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Price to pay

10 August 2016 By Una Galani

India’s new central bank chief faces a struggle to keep New Delhi at bay. The challenges that will face the incoming governor are laid bare in Duvvuri Subbarao’s timely memoir, “Who Moved My Interest Rate? Leading the Reserve Bank of India Through Five Turbulent Years”.

Subbarao’s term began in 2008 with the global financial crisis and ended in 2013 with the rupee in freefall after the United States indicated it would start to raise interest rates. The currency crisis tainted his legacy. Subbarao concedes that he was slow to tighten policy and admits other decisions he took made things worse, such as placing restrictions on capital that individuals and companies could move overseas.

Even so, his account, which touches on everything from financial inclusion to India’s gold addiction, is a useful window onto the pressures the central bank in the world’s fastest growing large economy faces from meddling politicians. Legally, the Reserve Bank is not fully autonomous but in practice the government does not invoke its formal powers to intervene. Instead, Subbarao argues, interference occurs informally behind the scenes.

As a former finance secretary to the government, the career civil servant might have done New Delhi’s bidding. Yet Subbarao ended up raising rates a record 13 times, frustrating the Congress Party-led government, which wanted to prop up growth.

Subbarao acknowledges that he bowed to pressure at times. He cut rates more aggressively than he would have otherwise in April 2012 after Finance Minister Pranab Mukherjee privately assured Subbarao that he would cut the fiscal deficit more than indicated in the budget. The government’s subsequent backtracking convinced the governor to resist future demands.

New Delhi also interfered in numerous other ways, at times hindering changes in monetary policy from reaching the wider economy. Subbarao recalls how state banks would be advised not to raise lending rates even when the policy rate went up. It hammers home the problem that the RBI, as a regulator of the banks, will face as it now tries to clean up bad debt. Soured loans total nearly $150 billion and sit mostly with institutions that are majority owned by the government.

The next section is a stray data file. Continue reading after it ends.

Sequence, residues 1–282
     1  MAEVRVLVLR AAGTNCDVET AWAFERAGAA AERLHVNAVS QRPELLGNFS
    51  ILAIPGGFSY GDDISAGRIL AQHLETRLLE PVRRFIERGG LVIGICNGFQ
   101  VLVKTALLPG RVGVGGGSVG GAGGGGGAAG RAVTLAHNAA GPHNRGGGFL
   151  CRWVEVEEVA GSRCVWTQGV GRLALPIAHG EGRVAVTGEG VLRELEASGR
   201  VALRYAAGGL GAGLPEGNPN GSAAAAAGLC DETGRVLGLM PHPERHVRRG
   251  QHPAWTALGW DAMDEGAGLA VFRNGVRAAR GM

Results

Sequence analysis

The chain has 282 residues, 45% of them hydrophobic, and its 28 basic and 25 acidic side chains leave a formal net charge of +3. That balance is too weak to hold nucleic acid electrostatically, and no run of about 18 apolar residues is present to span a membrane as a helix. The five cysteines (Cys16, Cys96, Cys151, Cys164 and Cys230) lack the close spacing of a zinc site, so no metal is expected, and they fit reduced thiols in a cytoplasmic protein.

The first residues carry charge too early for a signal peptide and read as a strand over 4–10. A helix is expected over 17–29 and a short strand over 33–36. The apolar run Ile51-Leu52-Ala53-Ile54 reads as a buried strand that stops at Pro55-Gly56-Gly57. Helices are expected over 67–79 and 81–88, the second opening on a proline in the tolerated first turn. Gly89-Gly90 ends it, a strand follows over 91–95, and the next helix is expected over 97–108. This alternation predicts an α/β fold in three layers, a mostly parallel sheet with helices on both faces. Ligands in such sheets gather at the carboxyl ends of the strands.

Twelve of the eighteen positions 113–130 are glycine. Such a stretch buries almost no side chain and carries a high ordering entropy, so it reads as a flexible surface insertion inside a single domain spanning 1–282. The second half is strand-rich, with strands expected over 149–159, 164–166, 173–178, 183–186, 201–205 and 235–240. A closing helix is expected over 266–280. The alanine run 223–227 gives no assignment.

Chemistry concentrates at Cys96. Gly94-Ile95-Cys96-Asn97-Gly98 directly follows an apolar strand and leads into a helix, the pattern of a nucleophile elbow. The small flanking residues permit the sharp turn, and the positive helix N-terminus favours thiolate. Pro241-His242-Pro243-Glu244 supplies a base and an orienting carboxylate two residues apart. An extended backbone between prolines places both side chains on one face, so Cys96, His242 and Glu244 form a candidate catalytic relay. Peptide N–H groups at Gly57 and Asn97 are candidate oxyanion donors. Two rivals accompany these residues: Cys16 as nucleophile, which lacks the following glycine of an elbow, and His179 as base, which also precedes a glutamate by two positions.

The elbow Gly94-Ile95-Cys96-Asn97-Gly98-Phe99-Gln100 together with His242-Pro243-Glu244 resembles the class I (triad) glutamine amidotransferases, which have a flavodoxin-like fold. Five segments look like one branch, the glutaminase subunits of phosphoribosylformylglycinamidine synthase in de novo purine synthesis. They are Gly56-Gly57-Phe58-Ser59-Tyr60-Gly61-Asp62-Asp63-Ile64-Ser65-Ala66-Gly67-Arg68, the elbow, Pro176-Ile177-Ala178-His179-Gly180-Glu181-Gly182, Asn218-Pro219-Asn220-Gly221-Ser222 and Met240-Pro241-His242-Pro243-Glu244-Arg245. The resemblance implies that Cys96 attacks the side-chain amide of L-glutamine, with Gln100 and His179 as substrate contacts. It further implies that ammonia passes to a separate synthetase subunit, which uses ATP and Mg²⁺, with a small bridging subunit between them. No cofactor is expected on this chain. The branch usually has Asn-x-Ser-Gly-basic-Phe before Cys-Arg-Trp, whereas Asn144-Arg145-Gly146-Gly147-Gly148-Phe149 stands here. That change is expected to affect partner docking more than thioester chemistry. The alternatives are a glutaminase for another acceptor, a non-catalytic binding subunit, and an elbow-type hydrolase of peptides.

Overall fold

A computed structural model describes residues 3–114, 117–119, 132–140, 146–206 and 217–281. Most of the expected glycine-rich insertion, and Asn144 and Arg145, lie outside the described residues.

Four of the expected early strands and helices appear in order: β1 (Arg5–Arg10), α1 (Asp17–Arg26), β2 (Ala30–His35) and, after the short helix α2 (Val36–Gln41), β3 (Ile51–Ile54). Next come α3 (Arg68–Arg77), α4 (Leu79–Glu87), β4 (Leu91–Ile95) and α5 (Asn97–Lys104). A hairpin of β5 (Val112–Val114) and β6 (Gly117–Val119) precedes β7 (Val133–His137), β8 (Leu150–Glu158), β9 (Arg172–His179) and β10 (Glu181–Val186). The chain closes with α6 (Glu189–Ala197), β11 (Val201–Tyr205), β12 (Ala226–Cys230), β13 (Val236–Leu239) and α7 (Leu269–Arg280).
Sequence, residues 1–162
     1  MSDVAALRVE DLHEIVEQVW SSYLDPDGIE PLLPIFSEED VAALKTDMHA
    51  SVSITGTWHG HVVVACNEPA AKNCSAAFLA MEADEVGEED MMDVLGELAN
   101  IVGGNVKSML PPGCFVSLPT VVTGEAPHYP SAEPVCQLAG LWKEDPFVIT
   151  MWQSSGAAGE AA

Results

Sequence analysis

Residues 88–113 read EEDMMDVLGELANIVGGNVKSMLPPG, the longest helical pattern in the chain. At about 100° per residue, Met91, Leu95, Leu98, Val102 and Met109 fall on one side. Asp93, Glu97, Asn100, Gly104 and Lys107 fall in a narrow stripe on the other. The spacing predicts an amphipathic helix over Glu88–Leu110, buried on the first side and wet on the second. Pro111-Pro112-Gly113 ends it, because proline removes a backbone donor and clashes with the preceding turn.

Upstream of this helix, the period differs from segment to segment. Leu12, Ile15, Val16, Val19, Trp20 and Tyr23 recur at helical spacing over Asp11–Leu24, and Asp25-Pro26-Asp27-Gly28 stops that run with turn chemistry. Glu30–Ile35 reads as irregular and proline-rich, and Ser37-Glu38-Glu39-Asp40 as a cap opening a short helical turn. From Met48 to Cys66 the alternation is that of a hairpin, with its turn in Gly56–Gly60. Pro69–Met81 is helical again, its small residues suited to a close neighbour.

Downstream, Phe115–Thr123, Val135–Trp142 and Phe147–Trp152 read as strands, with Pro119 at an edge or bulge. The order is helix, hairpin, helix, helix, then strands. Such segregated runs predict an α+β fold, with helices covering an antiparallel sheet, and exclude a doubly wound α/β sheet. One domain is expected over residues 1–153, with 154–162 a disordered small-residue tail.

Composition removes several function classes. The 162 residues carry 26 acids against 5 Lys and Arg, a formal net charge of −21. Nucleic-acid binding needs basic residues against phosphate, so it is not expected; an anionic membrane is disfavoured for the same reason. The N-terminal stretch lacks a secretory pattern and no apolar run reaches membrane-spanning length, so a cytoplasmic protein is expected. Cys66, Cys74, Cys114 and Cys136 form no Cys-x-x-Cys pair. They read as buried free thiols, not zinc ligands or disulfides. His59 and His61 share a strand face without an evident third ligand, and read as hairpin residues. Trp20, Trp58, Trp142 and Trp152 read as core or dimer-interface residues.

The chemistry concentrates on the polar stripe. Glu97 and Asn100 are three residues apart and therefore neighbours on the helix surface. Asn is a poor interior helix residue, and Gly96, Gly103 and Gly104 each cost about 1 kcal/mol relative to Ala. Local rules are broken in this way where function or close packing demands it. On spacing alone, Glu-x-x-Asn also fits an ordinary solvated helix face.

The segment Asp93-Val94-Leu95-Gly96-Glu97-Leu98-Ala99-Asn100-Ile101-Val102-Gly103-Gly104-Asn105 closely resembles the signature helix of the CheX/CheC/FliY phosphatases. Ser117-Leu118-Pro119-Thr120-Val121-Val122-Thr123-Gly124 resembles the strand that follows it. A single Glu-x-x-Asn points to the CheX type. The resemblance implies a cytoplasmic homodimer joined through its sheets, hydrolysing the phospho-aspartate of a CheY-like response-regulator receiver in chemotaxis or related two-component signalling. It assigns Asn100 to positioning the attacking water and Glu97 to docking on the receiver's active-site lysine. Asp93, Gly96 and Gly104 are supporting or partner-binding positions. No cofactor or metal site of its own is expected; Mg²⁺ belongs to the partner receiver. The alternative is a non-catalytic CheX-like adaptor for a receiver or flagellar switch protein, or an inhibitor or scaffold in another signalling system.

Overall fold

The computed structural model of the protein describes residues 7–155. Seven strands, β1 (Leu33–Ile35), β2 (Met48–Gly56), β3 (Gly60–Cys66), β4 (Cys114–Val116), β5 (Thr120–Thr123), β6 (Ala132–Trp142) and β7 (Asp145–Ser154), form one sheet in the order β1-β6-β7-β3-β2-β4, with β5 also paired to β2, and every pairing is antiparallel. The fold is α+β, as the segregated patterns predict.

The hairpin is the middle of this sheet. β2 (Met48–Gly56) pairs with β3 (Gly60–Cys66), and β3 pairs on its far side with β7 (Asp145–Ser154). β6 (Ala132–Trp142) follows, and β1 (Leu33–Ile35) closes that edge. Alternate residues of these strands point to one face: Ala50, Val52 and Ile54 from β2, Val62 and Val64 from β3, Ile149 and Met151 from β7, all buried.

In a chapter titled “Walking Alone”, Subbarao makes clear there was a price to pay for not falling in line. He says the government twice punished him by refusing to reappoint deputy governors he recommended. Ironically, one of the snubbed individuals, Subir Gokarn, is now at the International Monetary Fund and a mooted candidate to succeed Subbarao’s successor, Raghuram Rajan, who will step down in early September after just three years in the job.

Rajan’s unusually short tenure at the RBI reinforces some of Subbarao’s concerns. Rajan irked the corporate lobby by trying to clean up bank balance sheets. He was also outspoken on non-financial issues, once lecturing the government on the need to promote tolerance. The current governor was not explicitly pushed out, but he decided to call it quits after facing nationalist criticism from right-wingers in Prime Minister Narendra Modi’s Bharatiya Janata Party.

Subbarao also sees shortcomings in the new monetary policy committee that will soon set interest rates, rather than relying on the governor’s solo decision. The government will appoint half of the six members on the panel, which the bank expects to be in place before the next scheduled policy meeting in October.

The former governor recalls a conversation that took place before he joined the bank in which he advocated a veto for the central bank boss to ensure that the new regime functions properly and members cannot be coerced by New Delhi. He has since reiterated this concern. In the end, though, the governor will only get a casting vote on monetary policy if there is a tie.

The concerns are justified. A monetary policy committee will bring decision-making closer to global best practices but the governor will have to be a strong leader for it to work well. If he or she fails to form consensus among policymakers, public divisions could prove unsettling.

Subbarao’s reflections are a reminder that India’s new central bank chief will have to learn to go it alone.

 

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